The credo of an empowering manager is to create a work environment in which people are empowered, productive, contributing, and happy. Instead of hobbling employees by limiting their tools or information, trust them to do the right thing, get out of their way, and then watch them catch fire.
These are the ten most important principles for managing people in a way that reinforces employee empowerment, accomplishment, and contribution.
Your regard for people needs to shine through in all of your actions and words, including your facial expression, body language, and the words you choose to express what you’re thinking about in regards to the people who report to you.
Your goal is to demonstrate your appreciation for each person’s unique value. No matter how an employee is performing on his or her current task, your value for the employee as a human being should never falter and always be visible.
When possible, involve employees in goal setting and planning. At the very least, involve those who report to you in goal setting on the department level and share the most important goals and direction for your group.
With the help of your employees, make progress on goals (measurable and observable), or clarify that you have shared your picture of a positive outcome with the people responsible for accomplishing the results.
If you share a picture of where you’re headed—and share the meaning behind the goals and direction of the business—empowered employees can then chart their own course without close supervision.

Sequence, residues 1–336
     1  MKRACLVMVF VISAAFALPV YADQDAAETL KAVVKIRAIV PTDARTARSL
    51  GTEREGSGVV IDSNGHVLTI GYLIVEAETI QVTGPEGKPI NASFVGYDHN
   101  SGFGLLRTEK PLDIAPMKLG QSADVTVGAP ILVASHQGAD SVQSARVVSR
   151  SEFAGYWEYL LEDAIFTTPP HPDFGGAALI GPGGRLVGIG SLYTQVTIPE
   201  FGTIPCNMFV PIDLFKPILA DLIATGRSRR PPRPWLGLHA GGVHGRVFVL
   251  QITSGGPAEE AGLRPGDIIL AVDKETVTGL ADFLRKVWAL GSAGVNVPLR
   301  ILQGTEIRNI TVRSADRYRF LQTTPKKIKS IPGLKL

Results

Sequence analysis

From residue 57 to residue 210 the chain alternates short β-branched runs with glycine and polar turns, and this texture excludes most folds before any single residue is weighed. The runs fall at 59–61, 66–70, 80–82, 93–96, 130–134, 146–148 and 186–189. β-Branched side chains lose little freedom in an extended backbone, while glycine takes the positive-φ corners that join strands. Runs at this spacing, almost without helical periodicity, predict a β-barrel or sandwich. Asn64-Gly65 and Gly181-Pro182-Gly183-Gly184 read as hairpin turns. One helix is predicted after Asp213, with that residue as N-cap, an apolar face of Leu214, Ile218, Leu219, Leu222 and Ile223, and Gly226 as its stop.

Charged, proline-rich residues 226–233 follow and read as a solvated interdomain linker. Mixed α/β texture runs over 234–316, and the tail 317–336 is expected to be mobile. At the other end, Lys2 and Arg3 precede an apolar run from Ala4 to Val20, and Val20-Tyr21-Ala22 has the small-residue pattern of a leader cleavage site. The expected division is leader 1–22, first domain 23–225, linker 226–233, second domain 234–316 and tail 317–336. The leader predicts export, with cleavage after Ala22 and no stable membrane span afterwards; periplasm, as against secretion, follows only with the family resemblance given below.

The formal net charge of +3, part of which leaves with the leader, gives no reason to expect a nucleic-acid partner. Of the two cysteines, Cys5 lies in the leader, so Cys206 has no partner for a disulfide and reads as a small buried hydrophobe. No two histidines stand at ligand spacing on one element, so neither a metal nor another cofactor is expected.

Trust the intentions of people to do the right thing, make the right decisions, and make choices that (while maybe not exactly what you would decide) still work. When employees receive clear expectations from their manager, they relax. This allows them to focus their energy on accomplishing results, not on worrying and second-guessing.
Make certain that you have given people all of the information they need to make thoughtful decisions. If that’s not doable, make sure that those working under you have access to the information they need to do their job most productively.
Don’t just delegate the drudge work. You need to make work enjoyable, so be sure to delegate some of the fun stuff and assignments that you know a person is interested in. Some of the fun, interesting work you can delegate includes important meetings, committee memberships that influence product development and decision making, and the projects that people and customers notice.
Provide frequent feedback so that people know how they are doing, both in terms of meeting expectations and where they need improvement. Ideally, there should be a mix of feedback that’s reward and recognition as well as improvement coaching, with an emphasis on recognition.
When a problem occurs, ask what is wrong with the work system that caused the people to fail, not what is wrong with the person who had difficulty with the task. If you determine it is the individual, not the system, try to resolve the problem with the employee first, before heading to HR.
Provide a space in which people will feel free to communicate by listening to them and then asking them questions. Guide them by asking questions, not by telling them what to do, like you would a child. People generally know the right answers if they are given the opportunity to comfortably express themselves.
When an employee brings you a problem to solve, ask, “what do you think you should do to solve this problem?” Or, ask, “what action steps do you recommend?”
Eventually, you will feel comfortable telling the employee that he or she does not need not ask you about similar situations.
If employees feel under-compensated, under-titled for the responsibilities they take on, under-noticed, under-praised, and under-appreciated, they will not experience employee empowerment.
The basic needs of employees must be met before employees can give you their discretionary energy—that extra effort that people voluntarily invest in their work. For successful employee empowerment to come into play, recognition must play a significant and ongoing role.